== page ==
Opec’s biggest problem is that in its tug of war with US shale no one really knows for certain which is winning.
The oil cartel last year appeared to capture a major victory by corralling some of the world’s biggest producers to join it in cutting output to finally end a near three-year-old oil glut.
But four months on, despite trumpeting figures suggesting the group has adhered more rigidly to its cuts than ever before, the crude price is still stuck near $50 a barrel.
The issue for the cartel is not just one of a resurgent shale industry propelling US crude inventories to record levels, but an information asymmetry that gives the US an outsized importance to traders beyond its status as the world’s largest oil consumer.
The US is the only country where close to real-time information is freely available on the state of oil inventories, due to the government’s decision to fund the Energy Information Administration after the first Arab oil embargo of the 1970s.
Weekly and monthly reports published by the EIA have for years been a lodestar for traders navigating an otherwise opaque market.
But as surging US production has made the country less reliant on oil imports — and fast-expanding emerging markets such as China and India become the dominant centres of oil demand growth — the focus on the gold standard data of the US may mask the reality of what is happening to the oil market beyond its shores.
US stockpiles may be rising as supplies there grow, with cheap and abundant land-based storage also luring international customers. Elsewhere the market is starting to tighten, many traders believe.
Now, short of every major oil importer outside the US deciding they have the money to fund an EIA equivalent, from cash-strapped European nations to transparency phobic states in Asia, the issue is not easily resolved.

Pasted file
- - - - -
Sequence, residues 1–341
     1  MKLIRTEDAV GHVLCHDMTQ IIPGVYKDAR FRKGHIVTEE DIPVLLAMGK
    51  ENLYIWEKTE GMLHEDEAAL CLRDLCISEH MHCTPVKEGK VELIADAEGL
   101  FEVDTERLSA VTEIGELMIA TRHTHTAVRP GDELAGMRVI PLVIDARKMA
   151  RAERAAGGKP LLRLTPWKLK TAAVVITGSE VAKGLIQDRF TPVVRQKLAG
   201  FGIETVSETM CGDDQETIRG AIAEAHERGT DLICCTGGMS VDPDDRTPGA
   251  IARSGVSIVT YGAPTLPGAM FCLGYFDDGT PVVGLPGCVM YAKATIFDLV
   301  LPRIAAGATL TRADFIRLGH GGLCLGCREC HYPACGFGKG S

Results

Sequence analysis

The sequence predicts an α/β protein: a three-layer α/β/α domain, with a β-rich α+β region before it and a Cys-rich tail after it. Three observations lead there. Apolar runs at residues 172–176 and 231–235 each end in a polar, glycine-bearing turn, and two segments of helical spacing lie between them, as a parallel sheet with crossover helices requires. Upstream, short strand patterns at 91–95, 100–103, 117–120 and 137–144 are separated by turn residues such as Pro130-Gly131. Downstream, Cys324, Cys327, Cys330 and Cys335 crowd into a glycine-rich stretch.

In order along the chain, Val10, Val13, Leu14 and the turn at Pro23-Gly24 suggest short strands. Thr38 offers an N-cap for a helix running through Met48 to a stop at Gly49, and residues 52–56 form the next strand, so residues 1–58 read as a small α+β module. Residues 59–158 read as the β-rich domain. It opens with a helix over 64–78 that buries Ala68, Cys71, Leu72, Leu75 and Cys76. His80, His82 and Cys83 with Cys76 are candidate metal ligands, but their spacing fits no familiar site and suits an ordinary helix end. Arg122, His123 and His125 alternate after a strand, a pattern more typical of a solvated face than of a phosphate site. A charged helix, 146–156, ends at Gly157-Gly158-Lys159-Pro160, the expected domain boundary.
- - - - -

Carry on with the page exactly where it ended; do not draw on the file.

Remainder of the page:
Big oil traders, always quick to try to sniff out a possible information advantage over rivals, have turned to companies and in-house teams who utilise satellite technology to try to colour in the global picture.
In recent years, the advent of widely available satellite tracking for commercial vessels has given a more global view of oil flows, with the Automatic Identification System, or AIS — first introduced to try to avoid collisions at sea — unmasking the movements of oil tankers in the 98m-barrel-a-day market.
This has also allowed the large-scale collection of data that a growing number of tanker tracking companies say will allow them not just to track where oil is going, but to forecast how shipments are likely to evolve with algorithms and machine learning.
Such companies say the business still requires a human element to sift and understand the numbers, but stories of staff toting binoculars in Opec member ports have largely been consigned to history.
This broader view of global supplies, for traders prepared to invest or pay for it, is raising questions for the market.
Data made available to the FT by one new tanker tracking start-up this week suggest the brimming supplies in the US market may not be representative of the rest of the world, with seaborne shipments of crude down at least 16 per cent so far this year.
That is hard to square with a market behaving as if supplies are still buoyant globally. The International Energy Agency, Opec and the EIA all forecast minimal supply growth outside of the US in 2017.
Unofficial data will still, however, struggle to carry the same clout as weekly numbers from the US that the market has relied on for years. Prices weakened slightly on Wednesday after the EIA reported another build in US crude stocks.
Opec members may now be attempting to respond to the US’s heightened visibility and influence.
Saudi Arabia this week raised its official selling prices to the US for next month, while cutting them to every other region, in a move that may slow their exports to one of their oldest customers and allies.
Riyadh appears to have realised they need to target US inventories to convince the world they are winning, even if unofficial data suggests they are already enjoying some early successes elsewhere.
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